By Deborah Rogers
In my last post I discussed the many mistakes of Energy in Depth (EID), an entity funded by the Oil and Gas industry, in its evaluation of shale gas economics. I should like to continue with this discussion and consider shale gas energy truly more in depth.
EID wrote “The greatest fear for a CEO, and top management in general, is the impairment charge where reserve values are written down and charges against income occur. Therefore, companies tend to be very conservative with their volume estimates to avoid such an embarrassment.”
To use a current colloquialism…really?
Unfortunately, “avoid[ing] such an embarrassment” has not happened in the least in spite of EID’s promises. In fact, shale companies are writing down assets and destroying shareholder value at alarming rates.
According to Fox Business News:
“Encana…said additional shale gas write downs are expected under US full-cost accounting rules…Encana reported a $1.7 billion aftertax impairment charge against net earnings in the second quarter resulting primarily from the decline in 12-month average trailing gas prices.”
According to Reuters:
“Natural gas-focused producer Quicksilver Resources Inc posted a second-quarter loss on a big impairment charge as weak prices for natural gas and natural gas liquids lower the value of the company’s assets…Quicksilver said its results were hurt by a $992 million non-cash impairment of oil and gas properties due to lower prices.”
According to Seeking Alpha:
“In the second quarter, Chesapeake Energy (CHK) saw losses on sales and impairments of fixed assets totaling $243 million, about thirty times the loss on this item it reported in the same quarter last year. This is discouraging as Chesapeake’s second quarter accounting did not report significant impairments to the carrying value of its natural gas an oil properties since it was not required, but based on the current market such impairment will be due in the second half of this year. Though it will be a non-cash charge, it could potentially reduce Chesapeake’s equity by a substantial amount.”
According to the Financial Times of London:
“British Petroleum (BP) said Tuesday it is taking an impairment charge of US$2.11 billion, primarily relating to its U.S. shale gas assets.”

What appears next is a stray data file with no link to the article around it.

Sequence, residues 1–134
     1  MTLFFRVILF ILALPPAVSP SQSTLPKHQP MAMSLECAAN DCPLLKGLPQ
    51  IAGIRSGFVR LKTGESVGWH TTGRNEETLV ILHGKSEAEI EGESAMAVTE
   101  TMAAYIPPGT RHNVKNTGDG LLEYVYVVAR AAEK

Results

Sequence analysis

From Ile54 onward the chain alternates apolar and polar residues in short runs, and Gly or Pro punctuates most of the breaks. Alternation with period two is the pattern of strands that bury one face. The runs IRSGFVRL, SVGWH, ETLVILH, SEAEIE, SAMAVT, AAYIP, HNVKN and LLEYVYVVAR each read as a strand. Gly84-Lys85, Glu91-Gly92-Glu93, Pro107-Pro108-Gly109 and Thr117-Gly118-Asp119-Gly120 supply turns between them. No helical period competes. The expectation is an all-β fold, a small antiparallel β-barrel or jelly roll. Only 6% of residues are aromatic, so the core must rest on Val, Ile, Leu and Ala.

Also according to the London Financial Times:
“BHP Billiton (BHP) blamed a glut of gas supply in the US for a US$2.84bn impairment charge against the value of its Fayetteville gas assets, which it acquired for US$4.75bn 18 months ago.”
According to the Oil and Gas Journal:
“Meanwhile, Exco Resources Inc. of Dallas reported a first-quarter $276 million non-cash write down on its assets“.
And the list goes on…and on…and on.
It is interesting to note, however, another aspect to this story. Encana’s news release made the following optimistic statement:
“The impairment charge…is not reflective of the fair value of the assets”.
And yet, they went on to say:
“Given the current pricing environment, the company expects that further declines in 12-month average trailing natural gas prices will likely result in the recognition of future ceiling test impairments.”
Let’s examine this for a moment. What is not being said here is that there is a significant difference in international accounting rules which the European companies like BP and BHP are subject to. Note that the impairment charges for these companies are typically substantially greater than those of the US companies thus far.
The WSJ explained this phenomenon quite succinctly:
“The European approach, governed by international financial reporting standards, means companies better reflect actual US gas-industry conditions. After a review in May, BG Group lowered its long-term Henry Hub natural-gas price assumption to $US4.25 a million British thermal units, from $US5. Applying the lower price to BG’s expected future discounted cash flows from its shale-gas assets resulted in a $US1.3bn impairment charge, equivalent to two-thirds of its second-quarter operating profit…By ignoring the time-value of money, the US GAAP rules make little economic sense”.
Impairment charges destroy shareholder value. They also complicate the balance sheets of companies which in many cases already have serious fiscal issues. For instance, after BP’s $2.1 B shale related impairment, their debt-to-capital ratio rose several percentage points to 21.9 per cent from 19.9 per cent.
Undoubtedly, we will see more impairments in the second half of 2012 from shale gas companies. But perhaps there is light on the horizon. In the recent above mentioned article, the Wall Street Journal concluded with the following statement:
“…the US shale boom could be over before the US and Europe agree on how to account for it.”